The Link Between Childhood TBIs and Anxiety Disorders

New research out of Australia suggests that children who suffer a traumatic brain injury during childhood are more likely to develop psychological disorders like anxiety, depression and certain phobias.

“The study suggests that brain injury is in some way related to longer-term anxiety symptoms, while previously it was thought that brain injury only leads to short-term effects,” said lead author Michelle Albicini.

TBIs In Children

For their study, researchers recruited young adults who had been treated at a New Zealand hospital for a traumatic brain injury five or more years ago. All individuals had suffered the TBI when they were 17 years old or younger. Researchers also recruited a control group that was comprised of individuals who were treated for childhood orthopedic injuries like fractures and sprains, but had no history of TBI.

Of those individuals in the TBI group, 65 reported mild head injuries involving loss of consciousness for less than 20 minutes, little or no amnesia and a hospital stay of less than 48 hours. 61 others had more severe symptoms, including longer hospitals stays, lengthy symptoms and physical evidence of brain injury on a head scan. The average age for individuals who suffered a mild TBI was between 10 and 11 years old, while the average age for people who suffered a more severe TBI was around seven years old.

Each group was asked to meet with a psychologist to be screened for various psychological disorders including generalized anxiety disorder, phobias, panic attacks and depression.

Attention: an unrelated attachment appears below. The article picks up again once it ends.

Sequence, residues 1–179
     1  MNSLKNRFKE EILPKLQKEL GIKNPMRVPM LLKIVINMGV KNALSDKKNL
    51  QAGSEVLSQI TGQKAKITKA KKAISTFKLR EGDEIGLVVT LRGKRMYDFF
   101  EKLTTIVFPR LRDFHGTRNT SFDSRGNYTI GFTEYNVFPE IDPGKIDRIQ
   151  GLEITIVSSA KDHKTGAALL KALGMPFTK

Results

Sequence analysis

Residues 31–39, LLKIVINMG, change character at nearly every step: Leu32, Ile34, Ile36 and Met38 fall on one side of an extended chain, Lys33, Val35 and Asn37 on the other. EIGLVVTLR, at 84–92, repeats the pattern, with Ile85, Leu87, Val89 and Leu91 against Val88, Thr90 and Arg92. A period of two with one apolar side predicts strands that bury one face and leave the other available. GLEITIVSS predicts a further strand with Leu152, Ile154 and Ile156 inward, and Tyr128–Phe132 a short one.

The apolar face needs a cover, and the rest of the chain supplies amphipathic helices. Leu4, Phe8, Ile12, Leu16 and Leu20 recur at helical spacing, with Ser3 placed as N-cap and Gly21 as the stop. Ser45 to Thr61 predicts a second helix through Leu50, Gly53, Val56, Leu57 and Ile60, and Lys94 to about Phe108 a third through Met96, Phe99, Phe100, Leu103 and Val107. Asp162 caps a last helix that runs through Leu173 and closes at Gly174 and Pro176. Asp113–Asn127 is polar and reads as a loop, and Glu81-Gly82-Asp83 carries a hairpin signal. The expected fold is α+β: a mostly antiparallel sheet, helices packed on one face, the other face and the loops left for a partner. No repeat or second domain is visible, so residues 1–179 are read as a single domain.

Study Results

After comparing the findings between all three groups, researchers found that individuals who had suffered a brain injury during childhood were five times more likely to have an anxiety disorder compared to those who hadn’t suffered a childhood TBI. Here are some more findings from the study:

“These results emphasize the need to monitor children and adolescents for the development of anxiety disorders after they have a TBI,” said Dr. Jeffrey Max, a psychiatry professor at the University of California, San Diego, who wasn’t involved in the study. “If TBI really causes an increased risk for anxiety disorder then research on this topic could help us understand the brain mechanisms and psychological mechanisms behind the development of anxiety disorders.”

Researchers stopped short of saying that TBIs are causally related to psychological disorders, especially considering that they noted that levels of anxiety were not measured prior to injury, but it’s still food for thought. It speaks to the larger point that there still may be cognitive issues after a TBI even if there are no physical symptoms. Doctors need to be aware of this potential link between TBI and cognitive problems so that these issues can be treated before they grow into full-blown anxiety disorders. It may not be possible to return the brain to its pre-TBI state, but if we make psychological counseling and other resources available to at-risk children, maybe we can mitigate or eliminate these cognitive issues.

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